Chiropractic 101: An Aspiring Chiropractor

Planet Chiropractic News

Dear Dr. Michael Dorausch,
My name is Melissa, and this fall I will be a junior at the University of Southern California. I am writing you this email because I am interested in being a chiropractor. I have done some research online and while looking around, I found your website (ADIOLA). Seeing your ambition, personality, dedication, and love of your career and life is very inspiring. I was wondering, since I am still trying to figure things out about this career, if you would be willing to give me some advice and your general opinion about this field of work. What was it that got you interested in being a chiropractor? What kind of schooling did you have to go though? What would you say are the pros and cons of your career? I do have many more questions, but if there is any other information that you would be willing to share, I would greatly appreciate it. Thank you so much for taking the time to read my email. I look forward to hearing from you.

Dear Melissa,
Thank you for the e-mail. You have summarized many questions hundreds or even thousands of people are seeking answers to. I’ll address each of your questions individually as to offer some good solid information so that you (and others) can make some well-informed decisions related to chiropractic. The decision to become a chiropractor, or pursue any lifelong career, is one that requires some serious introspection and thought. By asking questions such as these, you are already on the right path.

1) Would you be willing to give me some advice and your general opinion about this field of work?

Los Angeles chiropractor demonstrates side posture adjustment.The Field of Chiropractic
I would visit some (if not many) chiropractic offices in your area. Since you’re in Southern California you are welcome to come visit us in Marina del Rey. I know of hundreds of chiropractic offices throughout the United States and Canada that would welcome prospective students into their businesses for an introduction to chiropractic practice. Most chiropractors I know are very passionate about their practices and are quite supportive of new doctors and prospective students. When you meet the right people, the love and support you will receive will be a big bonus to having selected chiropractic as a career choice.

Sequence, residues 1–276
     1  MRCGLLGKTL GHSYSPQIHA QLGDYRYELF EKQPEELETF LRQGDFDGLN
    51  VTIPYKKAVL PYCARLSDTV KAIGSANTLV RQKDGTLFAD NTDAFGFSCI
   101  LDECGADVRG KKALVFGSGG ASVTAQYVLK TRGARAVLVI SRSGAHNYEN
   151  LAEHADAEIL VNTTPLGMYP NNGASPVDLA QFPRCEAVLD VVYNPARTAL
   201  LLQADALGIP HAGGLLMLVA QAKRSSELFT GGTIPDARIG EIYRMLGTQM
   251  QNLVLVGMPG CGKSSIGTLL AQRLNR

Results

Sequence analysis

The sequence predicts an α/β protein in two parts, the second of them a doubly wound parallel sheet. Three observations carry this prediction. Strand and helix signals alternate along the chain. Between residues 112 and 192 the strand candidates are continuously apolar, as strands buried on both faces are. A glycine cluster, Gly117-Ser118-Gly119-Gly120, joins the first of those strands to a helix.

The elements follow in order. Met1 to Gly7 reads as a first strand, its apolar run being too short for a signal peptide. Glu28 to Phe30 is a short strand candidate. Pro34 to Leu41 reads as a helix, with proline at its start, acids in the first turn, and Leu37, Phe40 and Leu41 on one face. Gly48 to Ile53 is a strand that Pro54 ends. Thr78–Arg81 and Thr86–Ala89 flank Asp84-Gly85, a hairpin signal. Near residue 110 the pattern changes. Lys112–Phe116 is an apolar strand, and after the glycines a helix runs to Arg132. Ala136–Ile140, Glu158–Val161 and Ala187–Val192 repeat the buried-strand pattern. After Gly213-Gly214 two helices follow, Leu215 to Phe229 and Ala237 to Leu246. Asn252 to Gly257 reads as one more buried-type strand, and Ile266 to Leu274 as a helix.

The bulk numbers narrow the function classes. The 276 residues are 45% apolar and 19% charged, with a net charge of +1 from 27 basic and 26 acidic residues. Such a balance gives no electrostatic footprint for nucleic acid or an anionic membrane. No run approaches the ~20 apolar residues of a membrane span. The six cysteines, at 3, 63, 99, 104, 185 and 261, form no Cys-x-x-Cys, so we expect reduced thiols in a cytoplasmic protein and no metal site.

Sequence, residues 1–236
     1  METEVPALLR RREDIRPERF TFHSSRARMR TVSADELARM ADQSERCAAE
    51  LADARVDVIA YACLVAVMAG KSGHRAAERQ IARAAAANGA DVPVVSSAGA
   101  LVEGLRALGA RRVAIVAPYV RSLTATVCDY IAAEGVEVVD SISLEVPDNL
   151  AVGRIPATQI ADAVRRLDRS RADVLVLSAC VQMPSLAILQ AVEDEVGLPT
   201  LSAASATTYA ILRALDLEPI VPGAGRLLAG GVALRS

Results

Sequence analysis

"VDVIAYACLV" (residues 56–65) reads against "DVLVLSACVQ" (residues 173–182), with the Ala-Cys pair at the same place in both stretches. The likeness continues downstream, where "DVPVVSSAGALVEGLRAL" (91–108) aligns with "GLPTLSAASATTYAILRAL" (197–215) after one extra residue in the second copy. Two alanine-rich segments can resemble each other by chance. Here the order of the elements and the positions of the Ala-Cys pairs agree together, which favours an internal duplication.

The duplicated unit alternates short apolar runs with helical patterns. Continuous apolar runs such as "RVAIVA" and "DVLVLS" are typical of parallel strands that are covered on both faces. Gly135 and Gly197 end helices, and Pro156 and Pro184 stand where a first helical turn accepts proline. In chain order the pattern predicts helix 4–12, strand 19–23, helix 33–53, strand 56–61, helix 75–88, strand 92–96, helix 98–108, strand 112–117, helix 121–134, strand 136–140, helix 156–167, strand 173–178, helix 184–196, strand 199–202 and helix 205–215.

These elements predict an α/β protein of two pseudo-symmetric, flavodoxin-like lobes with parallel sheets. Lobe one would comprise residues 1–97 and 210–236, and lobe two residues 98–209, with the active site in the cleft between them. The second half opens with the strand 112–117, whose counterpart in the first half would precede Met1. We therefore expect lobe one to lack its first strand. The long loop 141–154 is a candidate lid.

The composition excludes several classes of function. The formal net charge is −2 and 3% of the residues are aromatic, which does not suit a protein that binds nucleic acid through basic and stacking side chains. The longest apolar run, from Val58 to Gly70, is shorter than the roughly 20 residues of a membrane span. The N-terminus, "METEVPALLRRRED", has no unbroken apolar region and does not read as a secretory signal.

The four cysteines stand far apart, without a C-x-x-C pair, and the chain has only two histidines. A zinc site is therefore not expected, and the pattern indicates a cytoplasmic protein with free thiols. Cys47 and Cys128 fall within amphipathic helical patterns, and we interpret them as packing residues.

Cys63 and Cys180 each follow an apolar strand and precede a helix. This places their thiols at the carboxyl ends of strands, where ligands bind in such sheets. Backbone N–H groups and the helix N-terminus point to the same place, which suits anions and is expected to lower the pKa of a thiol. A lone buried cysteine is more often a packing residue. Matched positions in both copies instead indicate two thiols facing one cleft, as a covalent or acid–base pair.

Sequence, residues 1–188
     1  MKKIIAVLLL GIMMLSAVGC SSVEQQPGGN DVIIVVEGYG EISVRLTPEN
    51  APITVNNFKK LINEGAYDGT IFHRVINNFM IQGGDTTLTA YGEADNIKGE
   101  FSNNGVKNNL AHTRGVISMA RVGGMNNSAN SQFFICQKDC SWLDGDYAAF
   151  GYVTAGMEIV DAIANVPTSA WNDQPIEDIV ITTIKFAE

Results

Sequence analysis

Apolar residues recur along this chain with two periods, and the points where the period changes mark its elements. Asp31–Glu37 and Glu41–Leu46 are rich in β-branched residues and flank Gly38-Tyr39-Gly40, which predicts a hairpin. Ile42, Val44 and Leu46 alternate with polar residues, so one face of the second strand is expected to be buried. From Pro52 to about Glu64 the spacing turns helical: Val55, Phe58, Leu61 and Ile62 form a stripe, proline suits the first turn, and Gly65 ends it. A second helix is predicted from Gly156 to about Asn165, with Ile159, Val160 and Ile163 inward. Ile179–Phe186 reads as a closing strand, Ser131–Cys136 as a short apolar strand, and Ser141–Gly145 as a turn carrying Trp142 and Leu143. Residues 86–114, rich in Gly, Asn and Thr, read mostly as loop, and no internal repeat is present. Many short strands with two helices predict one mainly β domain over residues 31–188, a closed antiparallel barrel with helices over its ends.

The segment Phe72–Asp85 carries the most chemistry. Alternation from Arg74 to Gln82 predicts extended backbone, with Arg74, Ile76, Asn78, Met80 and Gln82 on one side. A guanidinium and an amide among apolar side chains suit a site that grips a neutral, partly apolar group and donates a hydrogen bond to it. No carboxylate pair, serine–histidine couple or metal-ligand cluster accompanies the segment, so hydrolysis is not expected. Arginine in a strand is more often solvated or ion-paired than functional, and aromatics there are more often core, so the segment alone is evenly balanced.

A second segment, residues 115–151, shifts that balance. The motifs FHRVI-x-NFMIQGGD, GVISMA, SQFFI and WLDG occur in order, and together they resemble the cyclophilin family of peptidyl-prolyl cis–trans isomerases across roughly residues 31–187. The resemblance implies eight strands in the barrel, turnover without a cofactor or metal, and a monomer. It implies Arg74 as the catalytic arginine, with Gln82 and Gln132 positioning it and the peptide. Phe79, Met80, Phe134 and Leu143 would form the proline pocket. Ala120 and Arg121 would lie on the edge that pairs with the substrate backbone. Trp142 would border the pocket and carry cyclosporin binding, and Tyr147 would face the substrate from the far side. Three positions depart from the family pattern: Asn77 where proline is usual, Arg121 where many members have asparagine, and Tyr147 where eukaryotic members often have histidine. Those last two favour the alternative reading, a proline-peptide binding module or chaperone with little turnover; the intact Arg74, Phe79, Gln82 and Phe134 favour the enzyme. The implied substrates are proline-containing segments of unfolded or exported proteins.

Chiropractic Schools and Colleges
I would get in contact with at least four different chiropractic schools and talk to advisers and current chiropractic students there. If you are planning to stay in California, I would advise a visit to Life Chiropractic College West in Hayward (the Bay area) and Cleveland Chiropractic College in Los Angeles. You can get the essentials to be a successful chiropractor in nearly any chiropractic College in the US. Some schools offer a greater diversity of chiropractic techniques than others. Personally, I would not recommend attending a school that did not offer at least three hands-on adjustive techniques. It is also important that the school you choose supports alternative techniques via clubs or visiting chiropractic lecturers. For example, Cleveland Chiropractic College and Life West offer well-rounded chiropractic technique courses and welcome a number of visiting experts in the field of technique to their campuses.

Create a 10 Year Chiropractic Success Plan
Those that fail to plan, plan to fail. The trenches alongside the potentially joyous road of chiropractic are full of those that just couldn’t make things work. They will be there to attack an attempt to drag you into the trenches alongside them. They’ll be there every step of the way, while you’re in school, when you graduate, during national and state exams, and when you open your first practice. This is not unique to chiropractic, you will discover negative, disillusioned, and frustrated people regardless of the career path you choose. A famous chiropractic author, Dr. Fred Barge, once authored a book entitled “Life Without Fear.” It may be too heavy of a book to read when first starting school, but I’d recommend it to every individual about to graduate.